6.7.2. Increase Productivity and Reduce Costs

The development of sustainable business practices lends itself to an efficient operation that streamlines effort and conserves resources, which enhances employee productivity and reduces cost. Reducing cost also encompasses energy conservation strategies that can be as simple as turning off unnecessary lights and insulating walls to more sophisticated efforts such as the installation of geothermal heating and cooling systems. Those efforts having a greater overall impact will likely be more expensive to implement, but the long-term results justify the investment.

6.7.3. Increase Business Ability to Comply with Regulation

With all the discussion regarding climate change, dwindling energy resources, and environmental impact, it’s no surprise that state and federal government agencies are enacting regulations to protect the environment. To integrate sustainability into your business will position it to meet changing regulations in a timely manner.

6.7.4. Attract Employees and Investors

In this generation, People like to be associated with the positive, especially younger generations raised on a steady diet of environmental protection messages. They do not want to be linked to companies implicated in ecological disasters and social welfare scandals. To Show your company as respectful of the environment and of its employees, it will attract the caliber of people whom you want to employ and the funds your business needs to expand.

6.7.5. Reduce Waste

This is likely the simplest and most obvious way to engage in sustainable practices. Beginning in the 1990s with offices collecting empty cans for recycling, the effort has grown to encompass waste mitigation in paper (conserving trees and forest habitats), value engineering of products (reworking or developing new processes which use less raw materials, waste less material in the production of goods), to changing out incandescent lights for LED lights (greater efficiency combined with fewer bulbs used).

7. Limitations

One of the essential obstacles of this have a look at is its small pattern size that is best 10 samples while the whole populace is 4560 BGMEA registered garment factories in Bangladesh. (Source: BGMEA) This isn’t always enough to show the overall situation of appropriate sustainable production and development in RMG industry of Bangladesh. Additionally, samples are taken only from those organizations which have at least one global certificate on appropriate manufacturing or related issues that confined this thesis paper to discover applicable facts about suitable manufacturing practices in RMG enterprise.

Additionally, data are amassed inside a brief time frame and interview is taken from the ones companies which situated in Dhaka, Savar and Gazipur that constrained the scope of this thesis. This has a look at entirely works in RMG enterprise but sustainable manufacturing exercise is vital for any industry. This observation could be extended to discover the connection of sustainable production exercise and performance in addition to financial impact inside the industry. Further could be prolonged to comparative evaluation between corporations or industries. But this study is done to find out and uphold the possibilities of achieving sustainability or sustainable development in whole RMG sector of Bangladesh.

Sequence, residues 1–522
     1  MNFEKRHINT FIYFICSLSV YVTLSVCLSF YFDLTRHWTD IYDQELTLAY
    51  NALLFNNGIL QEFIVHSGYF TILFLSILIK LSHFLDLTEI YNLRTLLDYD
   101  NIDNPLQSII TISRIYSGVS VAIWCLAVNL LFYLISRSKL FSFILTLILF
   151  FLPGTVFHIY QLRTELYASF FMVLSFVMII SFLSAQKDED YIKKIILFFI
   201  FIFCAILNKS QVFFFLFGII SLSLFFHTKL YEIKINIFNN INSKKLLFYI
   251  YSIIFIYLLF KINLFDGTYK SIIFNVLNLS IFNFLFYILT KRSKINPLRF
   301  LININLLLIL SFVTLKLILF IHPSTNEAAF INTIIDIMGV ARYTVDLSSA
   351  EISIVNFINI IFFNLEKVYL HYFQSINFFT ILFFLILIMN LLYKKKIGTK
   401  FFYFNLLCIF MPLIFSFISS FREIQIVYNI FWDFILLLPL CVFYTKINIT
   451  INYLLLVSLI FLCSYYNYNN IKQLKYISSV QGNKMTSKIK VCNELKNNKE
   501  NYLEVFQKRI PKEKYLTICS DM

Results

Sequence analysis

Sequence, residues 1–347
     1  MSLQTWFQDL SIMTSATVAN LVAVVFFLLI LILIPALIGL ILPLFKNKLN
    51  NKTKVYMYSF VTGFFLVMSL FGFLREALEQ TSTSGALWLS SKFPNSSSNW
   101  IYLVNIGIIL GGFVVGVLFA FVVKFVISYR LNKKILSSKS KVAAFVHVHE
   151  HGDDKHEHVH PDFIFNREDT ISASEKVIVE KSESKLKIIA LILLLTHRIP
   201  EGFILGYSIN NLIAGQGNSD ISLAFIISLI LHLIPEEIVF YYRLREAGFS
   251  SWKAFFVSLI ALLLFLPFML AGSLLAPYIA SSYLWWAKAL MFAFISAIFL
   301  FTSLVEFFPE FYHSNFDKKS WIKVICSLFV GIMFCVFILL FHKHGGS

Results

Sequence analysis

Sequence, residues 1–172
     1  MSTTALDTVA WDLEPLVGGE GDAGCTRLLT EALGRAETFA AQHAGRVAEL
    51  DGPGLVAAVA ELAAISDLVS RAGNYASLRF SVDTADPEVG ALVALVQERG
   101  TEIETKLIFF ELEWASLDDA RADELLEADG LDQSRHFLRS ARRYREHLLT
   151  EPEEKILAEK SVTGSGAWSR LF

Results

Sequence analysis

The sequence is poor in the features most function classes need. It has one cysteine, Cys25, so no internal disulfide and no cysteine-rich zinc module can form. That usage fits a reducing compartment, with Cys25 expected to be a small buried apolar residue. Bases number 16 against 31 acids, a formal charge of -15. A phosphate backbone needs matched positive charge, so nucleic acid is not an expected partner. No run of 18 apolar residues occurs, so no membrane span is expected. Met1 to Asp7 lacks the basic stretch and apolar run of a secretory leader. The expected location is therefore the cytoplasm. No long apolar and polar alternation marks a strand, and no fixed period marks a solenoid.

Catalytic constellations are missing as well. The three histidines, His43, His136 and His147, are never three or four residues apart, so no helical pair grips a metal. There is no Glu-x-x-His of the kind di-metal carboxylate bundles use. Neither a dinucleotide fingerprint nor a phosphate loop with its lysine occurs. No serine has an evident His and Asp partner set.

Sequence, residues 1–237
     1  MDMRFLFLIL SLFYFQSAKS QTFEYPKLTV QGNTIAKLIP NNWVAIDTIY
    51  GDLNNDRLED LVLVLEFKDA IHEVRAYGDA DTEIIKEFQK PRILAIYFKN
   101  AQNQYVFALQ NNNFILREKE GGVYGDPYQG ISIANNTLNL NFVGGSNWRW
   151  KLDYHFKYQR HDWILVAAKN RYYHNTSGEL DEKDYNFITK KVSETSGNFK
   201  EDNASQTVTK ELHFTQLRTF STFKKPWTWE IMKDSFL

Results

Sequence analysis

This has a look at has been carried out at a very initial level. But appropriate manufacturing and sustainable development are a crucial a part of doing surroundings pleasant commercial enterprise. The government, subsidized with the aid of greater studies on this subject be counted, wishes to come forward to encourage and educate the RMG industry to undertake extra sophisticated appropriate.

8. Conclusion

Achieving Sustainable Development Goals (SDG’s) are a new concern for the RMG industry of Bangladesh. There are few companies that have adopted and implemented this concept within a short period; still there is a huge scope of achieving SDGs in the RMG sector of Bangladesh. Day by day, the scenario is changing keeping pace with the modern era and business culture. The RMG sector starts practicing CSR rapidly. And very few companies have already ensured the positive practice of CSR and through this, they have met few Sustainable Goals and thus achieved sustainability in few fields. There is a huge scope of achieving maximum number of SDGs through positive attitude and CSR practice not only for few companies but also for the whole RMG industry. And by this, the RMG sector of Bangladesh will achieve sustainability that will result in getting competitive advantages in global business over its competitors.

Cite this paper: Bristi, U. , Rajib, M. and Shoukat, S. (2020) Implementation of Corporate Social Responsibility in the Ready-Made Garment Industry of Bangladesh in Order to Achieve Sustainable Development Goals: A Study on Bangladeshi Garment Manufacturers. Journal of Textile Science and Technology, 6, 232-246. doi: 10.4236/jtst.2020.64019.